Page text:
Hong Kong home prices hit new high as flat supply expected to jump in next two years
Construction of new private flats hits highest level in 10 years
Hong Kong home prices rose to a record in December after nine consecutive months of gains, even after the government unveiled higher stamp duties to curb investment demand and as new home supply is expected to jump over the next two years.
The monthly price index for private homes stood at 306.8 last month, higher than the previous record of 296.2 hit in September 2016, according to data released by the Rating and Valuation Department on Friday.
December prices were up 0.06 per cent month on month, slower than the 0.78 per cent and 2.7 per cent gains recorded in November and October respectively.
The price index was unveiled as the government said construction of private flats reached the highest level in 10 years, implying the city will see a jump in new home supply over the next two years.
Construction of new flats that started in 2016 reached 25,500 units, representing an increase of 79.58 per cent year on year, compared with 14,200 units in 2015, according to the Transport and Housing Bureau.
The number of new units under construction, which will be completed in the next two years, represents the highest level since 2006, according to statistics on private housing supply in the primary market released by the bureau on Friday.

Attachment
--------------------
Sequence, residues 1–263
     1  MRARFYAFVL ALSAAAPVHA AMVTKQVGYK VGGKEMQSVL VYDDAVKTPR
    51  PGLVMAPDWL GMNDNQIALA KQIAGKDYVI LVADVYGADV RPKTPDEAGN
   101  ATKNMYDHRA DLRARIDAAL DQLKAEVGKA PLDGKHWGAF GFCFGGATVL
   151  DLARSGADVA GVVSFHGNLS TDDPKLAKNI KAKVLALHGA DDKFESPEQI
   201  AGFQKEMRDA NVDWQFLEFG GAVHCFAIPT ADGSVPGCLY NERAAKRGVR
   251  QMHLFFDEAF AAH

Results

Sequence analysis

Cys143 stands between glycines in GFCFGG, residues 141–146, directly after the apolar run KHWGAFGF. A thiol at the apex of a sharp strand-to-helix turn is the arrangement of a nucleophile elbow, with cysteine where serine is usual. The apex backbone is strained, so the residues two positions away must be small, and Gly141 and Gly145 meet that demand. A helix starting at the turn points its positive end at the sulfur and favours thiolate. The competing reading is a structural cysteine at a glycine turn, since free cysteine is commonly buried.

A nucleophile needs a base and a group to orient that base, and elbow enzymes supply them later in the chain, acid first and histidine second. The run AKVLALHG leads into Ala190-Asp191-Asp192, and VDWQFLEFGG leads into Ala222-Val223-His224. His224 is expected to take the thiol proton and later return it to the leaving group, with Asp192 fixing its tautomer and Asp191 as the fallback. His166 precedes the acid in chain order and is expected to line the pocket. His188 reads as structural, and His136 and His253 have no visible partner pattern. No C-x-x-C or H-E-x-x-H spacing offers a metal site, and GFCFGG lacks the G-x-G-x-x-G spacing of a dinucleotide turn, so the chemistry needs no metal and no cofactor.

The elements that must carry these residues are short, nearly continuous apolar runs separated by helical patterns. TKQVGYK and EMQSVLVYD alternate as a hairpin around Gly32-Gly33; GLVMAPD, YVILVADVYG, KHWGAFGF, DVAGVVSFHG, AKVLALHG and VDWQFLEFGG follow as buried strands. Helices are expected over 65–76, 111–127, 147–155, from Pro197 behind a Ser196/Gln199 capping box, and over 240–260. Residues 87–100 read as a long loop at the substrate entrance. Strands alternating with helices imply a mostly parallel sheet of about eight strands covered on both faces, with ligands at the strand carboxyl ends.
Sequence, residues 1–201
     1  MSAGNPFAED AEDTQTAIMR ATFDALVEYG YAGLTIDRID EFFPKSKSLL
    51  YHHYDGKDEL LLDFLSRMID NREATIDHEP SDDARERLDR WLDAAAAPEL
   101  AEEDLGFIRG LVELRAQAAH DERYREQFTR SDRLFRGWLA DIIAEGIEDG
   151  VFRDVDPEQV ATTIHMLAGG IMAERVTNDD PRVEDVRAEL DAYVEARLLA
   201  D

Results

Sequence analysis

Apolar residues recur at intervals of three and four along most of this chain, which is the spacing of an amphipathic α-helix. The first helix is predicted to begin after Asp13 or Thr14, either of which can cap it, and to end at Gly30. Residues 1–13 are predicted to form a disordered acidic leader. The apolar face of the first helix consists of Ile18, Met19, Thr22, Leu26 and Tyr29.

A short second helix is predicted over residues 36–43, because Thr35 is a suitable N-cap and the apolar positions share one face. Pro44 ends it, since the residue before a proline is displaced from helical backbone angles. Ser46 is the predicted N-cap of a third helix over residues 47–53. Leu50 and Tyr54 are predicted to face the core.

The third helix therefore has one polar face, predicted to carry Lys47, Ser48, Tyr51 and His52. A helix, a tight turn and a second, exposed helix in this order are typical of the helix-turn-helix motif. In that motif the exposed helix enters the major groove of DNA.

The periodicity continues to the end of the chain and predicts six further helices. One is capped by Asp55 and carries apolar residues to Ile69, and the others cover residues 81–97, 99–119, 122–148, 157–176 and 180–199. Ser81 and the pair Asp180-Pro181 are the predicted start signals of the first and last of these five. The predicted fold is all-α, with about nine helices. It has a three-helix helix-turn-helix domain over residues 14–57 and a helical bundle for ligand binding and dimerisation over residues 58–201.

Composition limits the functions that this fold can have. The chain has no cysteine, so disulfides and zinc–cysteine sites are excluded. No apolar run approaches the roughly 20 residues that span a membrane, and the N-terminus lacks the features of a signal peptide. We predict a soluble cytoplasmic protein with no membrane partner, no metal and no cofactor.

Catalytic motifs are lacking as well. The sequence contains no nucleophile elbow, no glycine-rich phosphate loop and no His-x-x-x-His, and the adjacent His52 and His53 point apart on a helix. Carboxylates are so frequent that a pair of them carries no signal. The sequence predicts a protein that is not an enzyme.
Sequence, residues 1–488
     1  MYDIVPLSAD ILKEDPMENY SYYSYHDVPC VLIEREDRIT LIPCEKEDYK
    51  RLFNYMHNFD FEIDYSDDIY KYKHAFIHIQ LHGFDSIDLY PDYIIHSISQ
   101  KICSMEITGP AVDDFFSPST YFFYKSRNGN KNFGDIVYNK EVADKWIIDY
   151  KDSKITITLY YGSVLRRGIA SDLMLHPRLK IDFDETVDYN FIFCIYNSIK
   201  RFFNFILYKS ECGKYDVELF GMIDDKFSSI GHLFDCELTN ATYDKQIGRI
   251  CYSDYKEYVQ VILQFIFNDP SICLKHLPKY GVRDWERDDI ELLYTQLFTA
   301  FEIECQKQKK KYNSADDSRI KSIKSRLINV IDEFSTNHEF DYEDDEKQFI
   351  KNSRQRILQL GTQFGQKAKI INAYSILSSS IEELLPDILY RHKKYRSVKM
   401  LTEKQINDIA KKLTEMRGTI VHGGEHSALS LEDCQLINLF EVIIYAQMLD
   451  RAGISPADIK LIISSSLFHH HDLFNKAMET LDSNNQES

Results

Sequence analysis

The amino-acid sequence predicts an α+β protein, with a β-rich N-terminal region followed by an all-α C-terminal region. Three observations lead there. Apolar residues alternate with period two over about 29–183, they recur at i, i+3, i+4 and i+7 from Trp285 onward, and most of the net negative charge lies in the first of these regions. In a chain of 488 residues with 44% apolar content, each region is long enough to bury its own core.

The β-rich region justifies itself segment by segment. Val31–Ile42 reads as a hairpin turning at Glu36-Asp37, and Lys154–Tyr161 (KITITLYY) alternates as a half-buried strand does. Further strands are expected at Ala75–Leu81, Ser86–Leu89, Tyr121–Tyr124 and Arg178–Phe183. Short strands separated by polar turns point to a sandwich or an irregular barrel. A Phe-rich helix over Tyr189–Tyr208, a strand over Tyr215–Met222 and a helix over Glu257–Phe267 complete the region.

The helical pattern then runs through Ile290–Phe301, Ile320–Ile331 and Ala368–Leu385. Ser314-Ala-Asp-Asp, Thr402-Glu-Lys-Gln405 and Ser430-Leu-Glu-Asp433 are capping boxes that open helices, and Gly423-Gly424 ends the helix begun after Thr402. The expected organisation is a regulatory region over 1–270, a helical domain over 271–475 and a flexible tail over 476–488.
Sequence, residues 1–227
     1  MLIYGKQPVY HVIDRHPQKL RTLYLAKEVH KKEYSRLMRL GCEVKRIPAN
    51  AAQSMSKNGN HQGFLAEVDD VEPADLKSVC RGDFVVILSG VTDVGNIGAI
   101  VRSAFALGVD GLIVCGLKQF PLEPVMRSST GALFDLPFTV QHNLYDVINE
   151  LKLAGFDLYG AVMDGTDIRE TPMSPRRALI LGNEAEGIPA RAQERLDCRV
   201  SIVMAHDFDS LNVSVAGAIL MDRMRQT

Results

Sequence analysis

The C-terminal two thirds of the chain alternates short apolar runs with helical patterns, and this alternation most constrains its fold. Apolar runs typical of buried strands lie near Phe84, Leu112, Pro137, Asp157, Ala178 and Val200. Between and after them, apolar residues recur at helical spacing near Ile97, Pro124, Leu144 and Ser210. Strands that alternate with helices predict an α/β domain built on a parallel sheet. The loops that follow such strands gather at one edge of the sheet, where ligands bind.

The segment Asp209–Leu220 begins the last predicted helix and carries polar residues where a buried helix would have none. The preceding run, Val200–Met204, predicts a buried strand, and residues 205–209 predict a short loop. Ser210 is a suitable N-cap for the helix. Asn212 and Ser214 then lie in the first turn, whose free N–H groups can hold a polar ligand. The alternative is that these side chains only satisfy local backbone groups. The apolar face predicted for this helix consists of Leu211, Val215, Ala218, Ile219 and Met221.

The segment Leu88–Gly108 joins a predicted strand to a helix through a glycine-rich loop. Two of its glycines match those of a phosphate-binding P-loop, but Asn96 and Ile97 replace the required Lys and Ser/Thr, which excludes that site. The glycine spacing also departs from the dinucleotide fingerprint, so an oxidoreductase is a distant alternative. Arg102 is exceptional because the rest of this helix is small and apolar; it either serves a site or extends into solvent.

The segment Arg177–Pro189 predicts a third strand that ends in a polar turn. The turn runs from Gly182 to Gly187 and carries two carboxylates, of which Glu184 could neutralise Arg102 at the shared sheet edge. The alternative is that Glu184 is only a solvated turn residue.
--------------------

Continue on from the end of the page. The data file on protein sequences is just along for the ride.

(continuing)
The potential supply of new flats in Hong Kong is expected to hit 94,000 over the next three to four years, according to the bureau, also hitting a record high. That is equivalent to an average of 23,500 new flats per year, higher than the annual take-up of about 20,000 units in the past two years.
The flats that began construction in 2016 represented “the highest level in 10 years and [is] on par with levels recorded in the decade between 1987 and 1997”, said Cliff Tse, regional director of valuation advisory services at JLL. “If this continues, Hong Kong’s housing demand and supply will be in balance again.”
Wong Leung-sing, head of research at Centaline Property Agency, believes home prices in Hong Kong will be stable this year, given the balanced demand-and-supply situation.
“The government will achieve its target of providing new private flats of 20,000 units annually in the next few years. The concern is whether the government can find enough sites for homes in the long run,” said Thomas Lam, head of valuation and consultancy at Knight Frank.
Lam said the city’s housing market outlook would be largely affected by the interest rate and the macroeconomic environment, as well as the government’s housing policies.
In his final policy address, Chief Executive Leung Chun-ying restated the controversial plan to develop protected country park land for housing. The government has already instructed the relevant departments to carry out a preliminary study.
The total number of private flats completed by the end of 2016 was 14,600, representing an increase of 29.2 per cent, according to the Transport and Housing Bureau.
According to the bureau, units sold by pre-sale jumped to record high of 13,000 in 2016.
Hong Kong retained its ranking as the world’s least affordable urban centre to buy a home for the seventh year running, with its apartments costing 18.1 times gross annual median income in the third quarter of 2016, according to Demographia’s study of 406 cities around the world.